All ETDs from UAB

Advisory Committee Chair

James Braziel

Advisory Committee Members

Kerry Madden-Lunsford

Daniel Siegel

Document Type


Date of Award


Degree Name by School

Master of Arts (MA) College of Arts and Sciences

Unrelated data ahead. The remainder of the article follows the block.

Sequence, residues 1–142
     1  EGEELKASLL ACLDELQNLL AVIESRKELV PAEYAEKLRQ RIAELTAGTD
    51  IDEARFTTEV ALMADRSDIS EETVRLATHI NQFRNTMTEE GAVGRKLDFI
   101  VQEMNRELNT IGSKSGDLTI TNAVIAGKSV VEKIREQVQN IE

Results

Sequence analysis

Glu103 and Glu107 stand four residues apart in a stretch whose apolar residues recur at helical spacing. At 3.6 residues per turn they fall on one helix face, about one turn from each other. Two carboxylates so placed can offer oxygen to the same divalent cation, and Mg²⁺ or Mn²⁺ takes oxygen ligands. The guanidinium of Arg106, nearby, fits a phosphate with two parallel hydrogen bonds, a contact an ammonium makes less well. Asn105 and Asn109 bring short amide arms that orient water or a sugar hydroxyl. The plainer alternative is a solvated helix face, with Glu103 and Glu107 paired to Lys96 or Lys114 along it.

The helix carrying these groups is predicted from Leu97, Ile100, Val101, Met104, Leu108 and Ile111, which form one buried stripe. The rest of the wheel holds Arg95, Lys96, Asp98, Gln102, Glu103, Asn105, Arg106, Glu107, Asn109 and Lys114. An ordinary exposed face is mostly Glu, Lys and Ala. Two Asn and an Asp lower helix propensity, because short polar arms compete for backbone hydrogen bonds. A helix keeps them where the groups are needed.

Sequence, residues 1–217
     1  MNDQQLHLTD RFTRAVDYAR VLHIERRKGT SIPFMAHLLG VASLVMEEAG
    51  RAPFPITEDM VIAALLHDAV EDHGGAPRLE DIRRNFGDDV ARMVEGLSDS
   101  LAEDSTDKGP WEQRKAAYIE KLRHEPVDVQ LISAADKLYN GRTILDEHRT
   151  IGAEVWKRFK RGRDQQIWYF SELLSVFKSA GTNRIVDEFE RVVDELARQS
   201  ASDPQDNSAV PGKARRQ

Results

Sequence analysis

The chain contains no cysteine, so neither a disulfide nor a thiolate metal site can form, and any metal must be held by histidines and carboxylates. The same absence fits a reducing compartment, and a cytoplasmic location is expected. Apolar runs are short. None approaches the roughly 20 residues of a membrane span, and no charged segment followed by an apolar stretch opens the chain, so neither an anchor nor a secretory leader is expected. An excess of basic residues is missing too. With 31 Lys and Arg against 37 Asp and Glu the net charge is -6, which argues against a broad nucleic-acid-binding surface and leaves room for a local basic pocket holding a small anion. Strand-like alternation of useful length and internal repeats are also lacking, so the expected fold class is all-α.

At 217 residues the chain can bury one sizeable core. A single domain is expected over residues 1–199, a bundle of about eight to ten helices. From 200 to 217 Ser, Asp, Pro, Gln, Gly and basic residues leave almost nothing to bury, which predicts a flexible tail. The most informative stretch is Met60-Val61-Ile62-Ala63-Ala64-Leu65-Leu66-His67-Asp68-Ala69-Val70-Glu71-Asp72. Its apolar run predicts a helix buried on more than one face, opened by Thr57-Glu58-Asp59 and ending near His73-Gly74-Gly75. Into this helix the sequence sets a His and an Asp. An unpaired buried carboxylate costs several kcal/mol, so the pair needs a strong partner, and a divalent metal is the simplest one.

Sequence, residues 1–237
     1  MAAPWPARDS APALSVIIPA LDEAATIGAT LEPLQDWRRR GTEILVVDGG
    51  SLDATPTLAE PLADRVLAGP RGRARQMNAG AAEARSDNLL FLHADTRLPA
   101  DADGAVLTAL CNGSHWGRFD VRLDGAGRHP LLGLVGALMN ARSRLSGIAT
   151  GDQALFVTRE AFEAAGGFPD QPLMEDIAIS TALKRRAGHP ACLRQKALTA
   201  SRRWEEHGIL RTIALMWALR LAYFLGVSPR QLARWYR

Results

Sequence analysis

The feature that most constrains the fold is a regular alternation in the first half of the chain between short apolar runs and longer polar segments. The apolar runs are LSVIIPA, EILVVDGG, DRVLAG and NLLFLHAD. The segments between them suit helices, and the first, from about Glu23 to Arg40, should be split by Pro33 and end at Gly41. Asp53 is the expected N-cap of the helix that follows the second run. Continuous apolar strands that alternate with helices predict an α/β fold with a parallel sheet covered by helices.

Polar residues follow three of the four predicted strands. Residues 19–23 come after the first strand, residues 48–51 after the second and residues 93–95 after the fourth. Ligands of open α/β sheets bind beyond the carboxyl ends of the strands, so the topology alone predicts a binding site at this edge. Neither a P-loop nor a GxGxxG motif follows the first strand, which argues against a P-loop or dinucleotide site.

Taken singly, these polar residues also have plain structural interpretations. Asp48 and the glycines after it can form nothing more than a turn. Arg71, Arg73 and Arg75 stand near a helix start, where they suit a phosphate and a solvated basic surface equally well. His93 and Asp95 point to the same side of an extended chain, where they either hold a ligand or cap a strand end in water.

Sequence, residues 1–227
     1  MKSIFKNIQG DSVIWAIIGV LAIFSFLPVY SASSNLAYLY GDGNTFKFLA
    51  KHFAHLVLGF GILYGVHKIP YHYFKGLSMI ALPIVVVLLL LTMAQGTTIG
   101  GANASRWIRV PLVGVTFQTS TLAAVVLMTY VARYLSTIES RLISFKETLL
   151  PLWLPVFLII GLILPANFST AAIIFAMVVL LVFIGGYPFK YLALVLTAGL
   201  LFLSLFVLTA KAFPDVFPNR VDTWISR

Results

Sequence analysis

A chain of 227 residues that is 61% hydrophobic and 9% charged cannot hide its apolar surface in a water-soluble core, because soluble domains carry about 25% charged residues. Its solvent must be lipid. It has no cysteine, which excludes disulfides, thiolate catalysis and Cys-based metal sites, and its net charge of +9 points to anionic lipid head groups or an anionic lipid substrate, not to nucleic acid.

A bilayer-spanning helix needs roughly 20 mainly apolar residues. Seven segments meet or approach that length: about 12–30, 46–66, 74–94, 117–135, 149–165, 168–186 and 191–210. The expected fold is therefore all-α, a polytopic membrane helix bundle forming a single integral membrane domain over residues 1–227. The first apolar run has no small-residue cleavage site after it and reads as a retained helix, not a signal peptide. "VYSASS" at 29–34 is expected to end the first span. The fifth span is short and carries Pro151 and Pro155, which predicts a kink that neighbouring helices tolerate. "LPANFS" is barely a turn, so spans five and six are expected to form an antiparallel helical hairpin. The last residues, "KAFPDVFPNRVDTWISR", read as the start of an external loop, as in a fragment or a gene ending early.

Set in the fictional town of Raynham, Alabama in the Tennessee Valley region, Blackbird in Flight opens with the voice of Fenton Knox as he reminisces about the day four-year-old Molly Sutherland drowned at the drip hole where he and his family were picnicking with the Sutherlands. Fenton, who was fifteen at the time, sees a snake in the water and inaccurately assumes it is a cottonmouth. In an attempt to catch and kill the snake, Fenton is bitten. As the remaining adults attend to Fenton’s wound and successfully eliminate the snake, Molly wanders out into the water unsupervised and drowns before being pulled out by Ellis Knox, Fenton’s father. Recognizing his role in the accident, Fenton is forced to face his own guilt as he attempts to reconcile the death of this young girl with the presence of a God he senses through his relationship with nature. While Fenton serves as the primary protagonist of Blackbird in Flight, the novel also incorporates the perspectives of two other characters, Molly’s parents, Adler and Nell Sutherland. As a result of their daughter’s death, Nell and Adler become isolated in their own grief, creating an irreconcilable chasm between the two characters. Nell ultimately finds solace in an affair with Ellis Knox, Fenton’s father, leaving Adler alone and alienated from his family. Blackbird in Flight is primarily concerned with the loss of a child and the implications of such a loss on the relationships of those who remain. As Fenton navigates this grief-stricken existence through his observations of both Nell and Adler, his connection with nature serves as a stable force through which he interprets death. By exploring the themes of grief, guilt, and spirituality through Fenton’s relationship with the natural world, Blackbird in Flight offers a unique perspective on Southern attitudes regarding family and loss.



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